GLENVIEW, IL — Arman Patel believes sports played a very impactful role in his childhood. A junior at Glenbrook South High School, the 16-year-old is the founder of KickBuds, a student-run organization working to connect young aspiring athletes between the ages of 8–15 with elite college and high school level student-athletes.
“Sports have given me an outlet for stressful times, a chance to meet lifelong friends, and a fun way to exercise,” Patel told Patch.
Through KickBuds, parents can purchase one-on-one private coaching lessons with local skilled student-athletes for their children. While Patel played basketball, soccer, baseball and football during his youth, the idea for the company came while competing for the varsity golf team at GBS.
“[While playing varsity golf the last two years] I saw the influence of wealth on success in high school athletics,” Patel said. “The high-income schools seemed to win tournament after tournament. Meanwhile, the low-income schools seemed to come in last, tournament after tournament. The correlation was indisputable.”
While appreciating the opportunities sports have been able to provide for himself, Patel said he found the disparity “disheartening” with income being a determining factor in how much a child can participate in sports.
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In the summer of 2020, Patel decided to start KickBuds. He said that during that time, his sister, Ariya, and her friend, Chris, were offering private tennis lessons to children in the North Shore area.
“They marketed their services by making a simple post on local threads and got numerous leads within the first week,” Patel said. “Both Ariya and Chris were making considerably more money than their peers and were working fewer hours.”
Patel began researching why this was the case and said he came to the realization that varsity student-athletes were being largely underpaid for their skills, and children who were eager to advance their tennis ability had very few private, accessible, and affordable coaching options.
“Many children, also, don’t have the privilege of working besides a coach who has recently played on the varsity team at their unique high school,” Patel said. “It was then that I had the idea for the 1-on-1 coaching marketplace for kids [through] KickBuds.”
Andy Ko services as director of fundraising for KickBuds. Yash Ghai is the director of graphic design.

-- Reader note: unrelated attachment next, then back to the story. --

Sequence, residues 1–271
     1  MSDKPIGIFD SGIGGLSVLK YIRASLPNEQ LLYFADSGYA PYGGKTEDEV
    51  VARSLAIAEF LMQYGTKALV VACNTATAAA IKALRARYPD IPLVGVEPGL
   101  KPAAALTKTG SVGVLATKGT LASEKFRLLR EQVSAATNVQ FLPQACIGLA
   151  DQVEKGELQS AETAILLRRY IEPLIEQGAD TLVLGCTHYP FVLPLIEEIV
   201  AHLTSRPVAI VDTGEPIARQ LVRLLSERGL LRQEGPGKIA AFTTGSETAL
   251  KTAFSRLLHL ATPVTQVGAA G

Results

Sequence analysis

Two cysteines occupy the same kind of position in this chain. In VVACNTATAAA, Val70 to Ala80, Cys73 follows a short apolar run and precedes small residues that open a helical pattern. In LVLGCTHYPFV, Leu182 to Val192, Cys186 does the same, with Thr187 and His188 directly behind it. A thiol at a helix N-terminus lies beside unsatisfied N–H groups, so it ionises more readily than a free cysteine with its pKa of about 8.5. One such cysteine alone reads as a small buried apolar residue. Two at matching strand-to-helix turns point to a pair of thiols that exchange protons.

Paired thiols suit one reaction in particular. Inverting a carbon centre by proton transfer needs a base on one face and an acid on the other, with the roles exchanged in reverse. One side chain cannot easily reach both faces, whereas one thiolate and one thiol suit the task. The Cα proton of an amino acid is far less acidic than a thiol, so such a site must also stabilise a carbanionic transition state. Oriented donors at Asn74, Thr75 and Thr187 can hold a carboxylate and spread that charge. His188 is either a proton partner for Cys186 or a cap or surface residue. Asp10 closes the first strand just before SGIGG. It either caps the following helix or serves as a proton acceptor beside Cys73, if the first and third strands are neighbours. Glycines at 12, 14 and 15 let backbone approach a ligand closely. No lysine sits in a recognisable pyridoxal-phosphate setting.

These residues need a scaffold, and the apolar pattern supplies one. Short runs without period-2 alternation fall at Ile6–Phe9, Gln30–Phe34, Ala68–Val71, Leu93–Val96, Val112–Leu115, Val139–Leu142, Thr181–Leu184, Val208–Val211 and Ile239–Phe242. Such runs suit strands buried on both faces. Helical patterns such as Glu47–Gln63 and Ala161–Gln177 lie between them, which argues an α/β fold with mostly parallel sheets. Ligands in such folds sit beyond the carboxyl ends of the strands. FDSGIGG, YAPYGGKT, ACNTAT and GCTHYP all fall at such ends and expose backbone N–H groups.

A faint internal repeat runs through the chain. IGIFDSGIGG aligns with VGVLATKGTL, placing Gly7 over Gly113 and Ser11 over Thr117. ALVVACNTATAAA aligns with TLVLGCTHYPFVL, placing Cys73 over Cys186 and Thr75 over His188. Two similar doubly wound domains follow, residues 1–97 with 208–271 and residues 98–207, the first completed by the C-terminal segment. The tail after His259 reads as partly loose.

When telling people about the company, especially fellow athletes, Patel said the response has been very positive.
“All athletes are well aware of the problem that KickBuds is tackling, and they all offer to help in any way they can,” Patel said. “When parents hear about KickBuds, they feel relieved knowing they can connect their child with a coach who is attending their high school.”
The young entrepreneur said he also receives a fair amount of negativity and doubt, mostly because of his age and people thinking the company might be lacking in overall resources. Patel said he mostly ignores those types of things and is careful about who he discusses KickBuds with.
In addition to Glenview, Kickbuds currently offers service in Deerfield, Evanston, Glencoe, Highland Park, Highwood, Kenilworth, Lake Forest, Lincolnshire, Morton Grove, Northbrook, Northfield, Riverwoods, Skokie, Wilmette and Winnetka.
“As of now, KickBuds only offers soccer coaching in The North Shore area. However, the ultimate goal of KickBuds is to expand nationwide and offer coaching for all major sports,” Patel said.
Patel said the company also wants to supplement its impact through a variety of fundraisers, including a March Madness Charity Bracelet and a 5K Race for charity, planned for this summer.
“By 2026, KickBuds is striving to coach 2,000+ students and attain a coach database of 500+ coaches,” Patel said. “KickBuds hopes to be the official coaching platform for various sporting goods stores around the U.S.”